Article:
“Make a joyful noise unto the Lord, all ye lands. Serve the Lord with gladness: come before his presence with singing.”  Psalm 100:1-2

Maybe you memorized this rich psalm as a child, as I did. But then, perhaps you were pretty convinced that your “joyful noise” was more noise than singing. Many adults are convinced they can’t sing. Often this is based on the thoughtless words of an adult who told them at a young age that they couldn’t carry a tune. So they have spent a lifetime thinking they can’t sing. The fact is, most children can’t sing on pitch alone until they are at least 8-10 years old. Younger children can sometimes sing in tune if someone else sings or plays along with them. It is the exceptional child who sings well without support during the early grades.

Regardless of their own perceived talent, most Christian parents are eager for their children to experience the joys of music. Making music opens the way for artistic expression, develops physical coordination, provides social benefits, and teaches self-discipline. And most importantly, music is a gift from God—one that we can take with us into eternity. Martin Luther wrote, “I truly desire that all Christians would love and regard as worthy the lovely gift of music, which is a precious, worthy, and costly treasure given mankind by God . . . next to the Word of God, the noble art of music is the greatest treasure in this world . . . This precious gift has been given to man alone that he might thereby remind himself of the fact that God has created man for the express purpose of praising and extolling God.”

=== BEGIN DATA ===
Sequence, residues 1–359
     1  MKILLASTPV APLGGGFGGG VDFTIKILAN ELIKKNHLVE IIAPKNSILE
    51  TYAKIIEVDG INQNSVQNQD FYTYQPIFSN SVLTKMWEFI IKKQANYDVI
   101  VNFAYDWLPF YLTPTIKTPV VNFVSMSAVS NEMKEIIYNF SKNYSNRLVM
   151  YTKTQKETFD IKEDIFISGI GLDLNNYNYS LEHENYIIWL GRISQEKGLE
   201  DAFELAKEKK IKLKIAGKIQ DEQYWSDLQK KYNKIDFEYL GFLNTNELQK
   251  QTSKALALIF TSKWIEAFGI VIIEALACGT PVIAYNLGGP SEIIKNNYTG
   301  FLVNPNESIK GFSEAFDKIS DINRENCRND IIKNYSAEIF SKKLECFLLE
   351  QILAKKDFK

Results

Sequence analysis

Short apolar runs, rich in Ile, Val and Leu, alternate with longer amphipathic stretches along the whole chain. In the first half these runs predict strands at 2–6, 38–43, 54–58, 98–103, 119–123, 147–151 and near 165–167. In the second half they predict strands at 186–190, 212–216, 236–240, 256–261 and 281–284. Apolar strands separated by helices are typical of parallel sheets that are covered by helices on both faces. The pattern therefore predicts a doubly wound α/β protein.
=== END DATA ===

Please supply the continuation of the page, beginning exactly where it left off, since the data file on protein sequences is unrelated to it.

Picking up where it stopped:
But many homeschoolers have trouble fitting music into their school days. Time constraints, expense, and lack of confidence all contribute to the problem. Some choose private lessons or enroll their children in a choir. Both are wonderful experiences. But there are many ways you can bring music into your homeschool, even if you can’t carry a tune or read music.

Our Musical Heritage

Don’t let your children grow up without knowing the patriotic and folk songs of our country. Explore www.weesing.com to find recordings of well-trained children singing such old favorites as “Billy Boy,” “Little Red Caboose,” and “O Susanna.” Be sure they know the words to “America the Beautiful,” “The Star-Spangled Banner,” and “This Land is Your Land.” Sing them in the car or when taking a break. Talk about the lyrics; help them see the humor in “the sun so hot I froze to death” in “Polly Wolly Doodle.”Research the stories behind the songs. Learn a common song in several languages.1

Musical Vocabulary

     •   Dynamic markings are the means composers use to communicate how loud the music should be played. We use Italian terms for them, because the concept of writing music, as we know it today, was developed in Italy. Choose a song you know well, such as “Are You Sleeping, Brother John?” to teach the concept of dynamics in music. Make signs with cartoon figures demonstrating words such as pianissimo or mezzo-forte. As one child holds up a sign, everyone in the family must sing the song at that dynamic level.

     •   To develop volume control, hide a small object while one child is out of the room. The family helps him find it by singing louder when he is close to it and softer when he is further away. Carry the learning over into daily life as you remind your boys that their inside voices should be mezzo-piano (medium soft) and to reserve their forte (loud) voices for outdoors.2

     •   Tempo means time in music—how fast the music is played. Teach tempo markings while taking a break from your schoolwork. Sing “Head, Shoulders, Knees, and Toes” very slowly, touching each body part as you sing; this tempo is called largo. Gradually work your way up to presto, when you will be moving so fast everyone will fall to the floor in a pile of giggles.3